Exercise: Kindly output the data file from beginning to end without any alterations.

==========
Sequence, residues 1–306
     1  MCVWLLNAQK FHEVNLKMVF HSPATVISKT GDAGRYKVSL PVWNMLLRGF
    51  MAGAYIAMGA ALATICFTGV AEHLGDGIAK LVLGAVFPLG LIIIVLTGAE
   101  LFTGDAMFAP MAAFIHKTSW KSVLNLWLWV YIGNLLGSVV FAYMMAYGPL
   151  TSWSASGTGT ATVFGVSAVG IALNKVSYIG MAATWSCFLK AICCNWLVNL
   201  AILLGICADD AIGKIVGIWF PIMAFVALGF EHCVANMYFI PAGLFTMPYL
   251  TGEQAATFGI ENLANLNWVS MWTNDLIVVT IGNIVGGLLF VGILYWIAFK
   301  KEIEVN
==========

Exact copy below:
Sequence, residues 1–306
     1  MCVWLLNAQK FHEVNLKMVF HSPATVISKT GDAGRYKVSL PVWNMLLRGF
    51  MAGAYIAMGA ALATICFTGV AEHLGDGIAK LVLGAVFPLG LIIIVLTGAE
   101  LFTGDAMFAP MAAFIHKTSW KSVLNLWLWV YIGNLLGSVV FAYMMAYGPL
   151  TSWSASGTGT ATVFGVSAVG IALNKVSYIG MAATWSCFLK AICCNWLVNL
   201  AILLGICADD AIGKIVGIWF PIMAFVALGF EHCVANMYFI PAGLFTMPYL
   251  TGEQAATFGI ENLANLNWVS MWTNDLIVVT IGNIVGGLLF VGILYWIAFK
   301  KEIEVN